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Is voter fraud a serious problem, or myth?

The Star Tribune examines the issue of voter fraud in Minnesota, where state residents are poised to decide on a ballot measure that would require voters to bring a photo ID to the polls. The campaigns on both sides of the issue sharply disagree on whether fraud is a problem that requires a constitutional amendment to fix it.
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The Star Tribune examines the issue of voter fraud in Minnesota, where state residents are poised to decide on a ballot measure that would require voters to bring a photo ID to the polls. The campaigns on both sides of the issue sharply disagree on whether fraud is a problem that requires a constitutional amendment to fix it.

Meanwhile, a Star Tribune poll shows that voters are poised to approve the voter ID measure.

The issue recently was hotly debated by high-profile advocates and opponents of the measure in Rochester.

The state's major newspaper editorial boards have had their say. In an editorial over the weekend, the St. Paul Pioneer Press argues that the voter ID measure would "tighten up" a loose system. The Star Tribune urged a "no" vote, arguing that it is too costly and unnecessary.

Wondering how other states have dealt with this? The National Conference of State Legislatures has a useful map that boils it down.

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In a shocking upset, the voter ID amendment has failed, and by a sizable margin. With 98 percent of precincts reporting, the "no" votes led by nearly 8 percentage points, MPR says. The measure would have amended the state constitution to require voters to bring photo IDs to the polls.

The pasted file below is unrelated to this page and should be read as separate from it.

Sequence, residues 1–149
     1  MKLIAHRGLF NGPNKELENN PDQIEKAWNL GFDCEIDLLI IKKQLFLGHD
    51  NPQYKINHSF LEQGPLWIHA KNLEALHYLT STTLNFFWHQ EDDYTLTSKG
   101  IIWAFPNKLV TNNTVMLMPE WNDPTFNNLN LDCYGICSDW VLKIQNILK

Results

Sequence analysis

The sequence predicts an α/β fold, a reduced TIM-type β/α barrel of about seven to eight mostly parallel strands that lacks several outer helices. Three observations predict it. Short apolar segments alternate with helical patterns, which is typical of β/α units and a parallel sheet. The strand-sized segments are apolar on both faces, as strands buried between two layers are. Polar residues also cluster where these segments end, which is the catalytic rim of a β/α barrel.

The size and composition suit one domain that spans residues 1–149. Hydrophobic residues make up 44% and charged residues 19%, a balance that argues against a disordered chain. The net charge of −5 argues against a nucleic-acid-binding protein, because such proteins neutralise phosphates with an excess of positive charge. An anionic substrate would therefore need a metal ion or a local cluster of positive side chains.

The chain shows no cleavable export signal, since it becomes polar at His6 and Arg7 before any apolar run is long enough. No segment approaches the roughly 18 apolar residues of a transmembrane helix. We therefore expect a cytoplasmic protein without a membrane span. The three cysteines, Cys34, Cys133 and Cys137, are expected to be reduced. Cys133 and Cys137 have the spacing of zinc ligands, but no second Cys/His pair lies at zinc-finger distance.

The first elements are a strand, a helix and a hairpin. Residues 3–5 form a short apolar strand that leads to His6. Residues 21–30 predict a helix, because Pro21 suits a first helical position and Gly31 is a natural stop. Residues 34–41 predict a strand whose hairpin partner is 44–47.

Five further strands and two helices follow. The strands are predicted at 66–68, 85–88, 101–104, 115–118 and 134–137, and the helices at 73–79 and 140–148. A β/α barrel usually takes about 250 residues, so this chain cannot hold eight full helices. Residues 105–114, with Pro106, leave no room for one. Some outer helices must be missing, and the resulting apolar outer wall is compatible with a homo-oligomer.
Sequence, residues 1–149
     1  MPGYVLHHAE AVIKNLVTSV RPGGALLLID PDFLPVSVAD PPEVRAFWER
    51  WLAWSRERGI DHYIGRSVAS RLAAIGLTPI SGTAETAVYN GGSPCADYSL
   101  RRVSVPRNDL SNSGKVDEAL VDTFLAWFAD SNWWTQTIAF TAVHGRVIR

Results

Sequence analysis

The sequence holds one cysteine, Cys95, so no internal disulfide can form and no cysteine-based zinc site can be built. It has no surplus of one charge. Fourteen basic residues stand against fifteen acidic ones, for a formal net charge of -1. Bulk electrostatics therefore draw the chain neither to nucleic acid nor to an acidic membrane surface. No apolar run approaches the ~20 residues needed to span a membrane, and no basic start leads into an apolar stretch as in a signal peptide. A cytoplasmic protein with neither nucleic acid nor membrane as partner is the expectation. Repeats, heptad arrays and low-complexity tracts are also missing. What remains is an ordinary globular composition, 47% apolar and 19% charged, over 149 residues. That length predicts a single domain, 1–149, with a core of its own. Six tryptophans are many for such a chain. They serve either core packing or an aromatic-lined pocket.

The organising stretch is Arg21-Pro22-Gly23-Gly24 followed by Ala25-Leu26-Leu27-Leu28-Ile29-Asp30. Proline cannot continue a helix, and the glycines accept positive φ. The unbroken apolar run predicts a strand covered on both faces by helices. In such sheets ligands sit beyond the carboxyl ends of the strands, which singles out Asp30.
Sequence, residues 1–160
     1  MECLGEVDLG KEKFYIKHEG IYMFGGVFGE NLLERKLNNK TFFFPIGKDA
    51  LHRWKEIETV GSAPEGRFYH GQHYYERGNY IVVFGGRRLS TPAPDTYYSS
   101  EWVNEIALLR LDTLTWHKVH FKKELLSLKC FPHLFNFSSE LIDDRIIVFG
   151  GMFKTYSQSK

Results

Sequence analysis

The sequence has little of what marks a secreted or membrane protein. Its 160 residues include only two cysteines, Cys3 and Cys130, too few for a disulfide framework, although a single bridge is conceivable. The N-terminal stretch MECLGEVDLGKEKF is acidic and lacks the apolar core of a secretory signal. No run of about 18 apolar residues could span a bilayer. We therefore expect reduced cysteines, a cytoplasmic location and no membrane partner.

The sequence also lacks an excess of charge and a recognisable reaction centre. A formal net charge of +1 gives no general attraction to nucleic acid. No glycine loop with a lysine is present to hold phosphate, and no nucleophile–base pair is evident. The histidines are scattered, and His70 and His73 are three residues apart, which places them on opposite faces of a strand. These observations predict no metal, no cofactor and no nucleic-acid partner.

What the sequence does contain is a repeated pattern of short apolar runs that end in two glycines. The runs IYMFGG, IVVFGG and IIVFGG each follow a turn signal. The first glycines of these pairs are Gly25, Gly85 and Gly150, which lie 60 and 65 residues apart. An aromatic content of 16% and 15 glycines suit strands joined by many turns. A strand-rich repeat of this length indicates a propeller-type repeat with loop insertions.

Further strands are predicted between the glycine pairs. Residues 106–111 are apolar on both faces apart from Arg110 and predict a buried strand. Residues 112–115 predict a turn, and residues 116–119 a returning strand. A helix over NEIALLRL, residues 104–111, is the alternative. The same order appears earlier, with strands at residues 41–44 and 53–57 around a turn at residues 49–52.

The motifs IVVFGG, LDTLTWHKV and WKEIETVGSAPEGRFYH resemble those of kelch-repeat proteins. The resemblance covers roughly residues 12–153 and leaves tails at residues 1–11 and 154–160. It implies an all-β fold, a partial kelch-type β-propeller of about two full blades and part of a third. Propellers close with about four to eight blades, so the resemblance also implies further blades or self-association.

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The American Civil Liberties Union of Minnesota is offering a $1,000 reward to anyone who can find a case of voter impersonation in the state during the last ten years. The group opposes the effort to put a voter ID requirement on Minnesota's ballot. Backers of the idea say it will reduce voter fraud. But the ACLU argues fraud is not a problem here.

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Two new Minnesota Polls by the Star Tribune find a statistical dead head in the constitutional amendment to ban same-sex marriage, but a slight edge for support of a constitutional change that would require voters to show a government-issued photo ID.

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Estimates of how much it will cost to implement a voter ID requirement at Minnesota polling places range from a few million dollars to $100 million. The cost is among many details that state lawmakers will need to fill in if residents approve a Constitutional amendment requiring a government-issued ID to vote.

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Minnesota's reputation as a squeaky-clean state is under attack. The Minnesota Majority, a conservative group that has campaigned for a strict photo ID requirement, put up a billboard near Elk River that says Minnesota is "number one" in voting fraud. Meanwhile, groups on both sides of the issue are plotting strategy in the run-up to the vote.

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Former 8th District Congressman Jim Oberstar spoke out against the proposed amendment that would make a government-issued ID mandatory before casting a ballot in Minnesota at a rally in Duluth Saturday. WDIO reports that the longtime DFL representative is concerned the measure could hurt Minnesota's voting record. "It will take Minnesota from first in the nation in voter turnout and clean elections, to worst in the nation," Oberstar said. However, supporters of the amendment argue it's needed to prevent voter fraud.

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